Tapping the screen to focus on a subject didn’t seem to help much other, with the slow chipset seemingly having difficulty keeping up. That being said, if you can grab a decent photo without blurred lines, the results are rather pleasing. I still think Sony tends to rely on oversaturation a tad too much with their cameras, but the detail popped and the contrast felt just right. There is some barrel distortion rearing its ugly head now and again because of the wide-angle lens, but it’s not a problem that appears too often.
Moving to the front of the XA1 Ultra, is a decent 16 megapixel camera. Like its cousin to the rear, autofocus issues also tended to crop up more often than I’d like, derailing an otherwise solid idea. Ideas aren’t enough though, especially with a device that struggled in low-light conditions. That being said, this is what the price-range of the device gets you in terms of photography.
While it is odd that the 2016 model could deliver a snappier picture with sharper lines, the colour reproduction in optimal conditions is pretty much par for the course at this price-point. The XA1 Ultra is capable of some stunning shots, but you’re going to need to work the device to achieve them.
Honestly, video feels like the result of “enh, good enough” mindset. You’re getting full high definition at 30 frames per second, albeit with colours that can be washed out and a sharpness that struggles to focus on a dynamic subject matter. It’s not the worst video ever recorded, but it’s again an example of getting what you pay for.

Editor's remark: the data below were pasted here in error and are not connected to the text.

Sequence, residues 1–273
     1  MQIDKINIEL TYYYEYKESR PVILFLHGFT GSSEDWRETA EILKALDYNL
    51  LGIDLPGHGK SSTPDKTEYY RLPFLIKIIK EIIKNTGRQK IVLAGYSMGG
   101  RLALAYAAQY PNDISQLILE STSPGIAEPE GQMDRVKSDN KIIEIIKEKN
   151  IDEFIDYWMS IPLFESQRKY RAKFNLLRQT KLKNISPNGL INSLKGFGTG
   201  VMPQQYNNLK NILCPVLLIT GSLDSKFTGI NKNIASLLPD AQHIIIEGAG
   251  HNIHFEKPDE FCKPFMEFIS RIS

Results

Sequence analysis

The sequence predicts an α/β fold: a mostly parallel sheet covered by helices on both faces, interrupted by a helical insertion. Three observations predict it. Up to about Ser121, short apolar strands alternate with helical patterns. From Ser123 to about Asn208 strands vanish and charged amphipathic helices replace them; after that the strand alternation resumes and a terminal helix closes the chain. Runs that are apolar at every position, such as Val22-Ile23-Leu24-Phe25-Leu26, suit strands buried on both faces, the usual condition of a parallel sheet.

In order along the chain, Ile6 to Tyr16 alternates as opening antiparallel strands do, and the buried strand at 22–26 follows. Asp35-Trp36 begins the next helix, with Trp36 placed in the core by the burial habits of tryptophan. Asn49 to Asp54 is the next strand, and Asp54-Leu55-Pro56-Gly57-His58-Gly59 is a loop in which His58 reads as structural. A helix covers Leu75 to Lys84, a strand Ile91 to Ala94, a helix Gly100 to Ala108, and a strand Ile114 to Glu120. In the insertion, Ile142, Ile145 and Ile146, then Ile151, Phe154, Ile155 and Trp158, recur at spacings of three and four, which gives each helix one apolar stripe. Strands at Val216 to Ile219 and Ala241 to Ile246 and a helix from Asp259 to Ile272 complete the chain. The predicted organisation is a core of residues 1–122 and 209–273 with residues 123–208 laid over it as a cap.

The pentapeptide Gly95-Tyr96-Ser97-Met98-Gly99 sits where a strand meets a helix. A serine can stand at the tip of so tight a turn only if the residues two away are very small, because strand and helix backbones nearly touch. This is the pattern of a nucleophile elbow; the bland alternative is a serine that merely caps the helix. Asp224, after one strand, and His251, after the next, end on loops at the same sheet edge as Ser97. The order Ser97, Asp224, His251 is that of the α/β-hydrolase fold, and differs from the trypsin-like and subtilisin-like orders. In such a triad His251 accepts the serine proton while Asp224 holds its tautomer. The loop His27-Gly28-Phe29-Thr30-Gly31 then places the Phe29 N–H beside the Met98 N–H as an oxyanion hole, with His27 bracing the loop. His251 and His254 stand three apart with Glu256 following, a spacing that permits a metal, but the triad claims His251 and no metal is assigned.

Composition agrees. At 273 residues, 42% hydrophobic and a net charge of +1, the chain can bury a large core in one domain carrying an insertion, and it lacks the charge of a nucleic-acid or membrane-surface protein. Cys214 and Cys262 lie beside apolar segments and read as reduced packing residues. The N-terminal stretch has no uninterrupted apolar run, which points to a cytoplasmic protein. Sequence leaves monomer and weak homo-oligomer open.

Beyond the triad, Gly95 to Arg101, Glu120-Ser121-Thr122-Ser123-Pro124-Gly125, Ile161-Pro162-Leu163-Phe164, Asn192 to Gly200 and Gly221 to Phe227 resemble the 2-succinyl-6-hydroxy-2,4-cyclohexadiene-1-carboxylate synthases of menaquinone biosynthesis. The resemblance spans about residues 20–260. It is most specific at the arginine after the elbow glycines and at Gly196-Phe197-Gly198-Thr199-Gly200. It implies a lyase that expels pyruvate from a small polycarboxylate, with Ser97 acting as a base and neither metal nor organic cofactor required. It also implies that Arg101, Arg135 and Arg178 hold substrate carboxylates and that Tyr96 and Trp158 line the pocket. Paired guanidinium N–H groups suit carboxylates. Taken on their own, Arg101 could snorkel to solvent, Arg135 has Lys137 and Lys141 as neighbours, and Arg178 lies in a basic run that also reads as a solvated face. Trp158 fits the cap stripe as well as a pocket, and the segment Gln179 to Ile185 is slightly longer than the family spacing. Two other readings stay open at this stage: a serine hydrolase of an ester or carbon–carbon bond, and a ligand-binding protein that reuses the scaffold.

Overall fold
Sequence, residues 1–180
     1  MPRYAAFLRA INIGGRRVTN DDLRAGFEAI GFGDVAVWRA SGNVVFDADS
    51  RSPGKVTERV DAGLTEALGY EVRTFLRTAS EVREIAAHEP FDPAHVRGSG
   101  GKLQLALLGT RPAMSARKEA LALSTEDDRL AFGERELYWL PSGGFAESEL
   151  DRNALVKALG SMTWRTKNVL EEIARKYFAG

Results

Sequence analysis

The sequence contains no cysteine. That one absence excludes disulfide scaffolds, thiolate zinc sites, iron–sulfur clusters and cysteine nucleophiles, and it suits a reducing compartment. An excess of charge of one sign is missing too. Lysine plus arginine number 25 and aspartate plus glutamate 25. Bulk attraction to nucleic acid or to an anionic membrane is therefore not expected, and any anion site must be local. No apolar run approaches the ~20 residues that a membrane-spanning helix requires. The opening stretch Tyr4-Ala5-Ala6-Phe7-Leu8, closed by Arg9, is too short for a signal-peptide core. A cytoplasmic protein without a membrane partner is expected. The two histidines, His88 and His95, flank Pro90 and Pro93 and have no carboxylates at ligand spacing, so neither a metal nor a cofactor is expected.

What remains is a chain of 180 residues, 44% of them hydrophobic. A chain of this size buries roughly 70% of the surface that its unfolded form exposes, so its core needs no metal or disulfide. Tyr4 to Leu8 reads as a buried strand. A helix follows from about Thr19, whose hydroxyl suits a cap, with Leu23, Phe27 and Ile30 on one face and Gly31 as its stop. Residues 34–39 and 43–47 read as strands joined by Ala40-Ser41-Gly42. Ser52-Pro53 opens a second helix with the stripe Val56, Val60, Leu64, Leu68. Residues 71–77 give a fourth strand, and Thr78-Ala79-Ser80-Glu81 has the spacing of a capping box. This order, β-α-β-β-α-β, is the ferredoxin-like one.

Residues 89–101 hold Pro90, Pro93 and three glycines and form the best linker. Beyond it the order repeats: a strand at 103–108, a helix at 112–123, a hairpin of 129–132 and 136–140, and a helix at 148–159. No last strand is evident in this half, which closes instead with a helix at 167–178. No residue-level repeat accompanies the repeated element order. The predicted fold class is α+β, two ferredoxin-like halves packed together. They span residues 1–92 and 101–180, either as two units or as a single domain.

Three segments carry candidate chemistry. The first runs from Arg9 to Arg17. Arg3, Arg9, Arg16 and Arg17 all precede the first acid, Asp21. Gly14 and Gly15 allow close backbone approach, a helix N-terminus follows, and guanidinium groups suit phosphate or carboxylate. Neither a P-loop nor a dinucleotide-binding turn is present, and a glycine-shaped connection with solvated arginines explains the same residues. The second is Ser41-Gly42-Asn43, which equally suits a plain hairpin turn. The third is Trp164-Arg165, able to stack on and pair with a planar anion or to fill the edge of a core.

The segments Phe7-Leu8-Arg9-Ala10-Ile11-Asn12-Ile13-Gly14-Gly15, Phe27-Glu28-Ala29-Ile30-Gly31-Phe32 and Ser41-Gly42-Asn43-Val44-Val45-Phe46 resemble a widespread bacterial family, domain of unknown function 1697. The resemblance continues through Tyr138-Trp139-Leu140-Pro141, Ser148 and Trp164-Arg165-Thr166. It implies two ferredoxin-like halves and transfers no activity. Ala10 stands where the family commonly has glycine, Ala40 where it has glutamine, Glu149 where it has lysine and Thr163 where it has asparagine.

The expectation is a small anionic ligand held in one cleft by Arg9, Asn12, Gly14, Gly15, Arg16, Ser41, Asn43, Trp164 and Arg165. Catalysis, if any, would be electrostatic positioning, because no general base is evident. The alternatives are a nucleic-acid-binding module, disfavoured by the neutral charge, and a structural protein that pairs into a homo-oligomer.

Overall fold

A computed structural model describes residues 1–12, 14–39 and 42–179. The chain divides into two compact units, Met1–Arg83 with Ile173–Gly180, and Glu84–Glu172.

You’re young, you’re hip and I hate you. Especially when you decide that the world needs to hear your music as you bounce around town listening to whatever it is that kids listen to today. The XA1 Ultra’s theme of mid-budget okayish hardware continues on here with a single mono speaker found in the booty. It’s loud enough to annoy people who fantasise about strangling you with your own earphones, and perfectly serviceable for watching videos on that massive screen.
Amping up the volume does result in some distortion, which a headset doesn’t do much to rectify exactly. Acceptable stuff for most day to day viewing and listening.
Sharp screen, solid build and a camera which you have to jump through hoops for to get the best out of it. The XA1 Ultra is a weird device. At the same time, you have to balance expectations with reality. Flagship devices cost an arm and a leg because of the hardware inside, with mid-budget phones mirroring certain design aspects of those mighty titan devices to bring at least some of that glamour to the masses.
I’ve been saying it throughout the review, but you really do get what you pay for. Depending on your usage, there’s a lot to like and dislike about the XA1 Ultra, but at the very least it is at least capable of delivering the appearance of a flagship smartphone in the form of a gigantic screen that a below-average camera is attached to it. Temper your expectations, and you’ll find that the XA1 Ultra is a budget-friendly phone that won’t let you down when you need to communicate.
Last Updated: August 3, 2017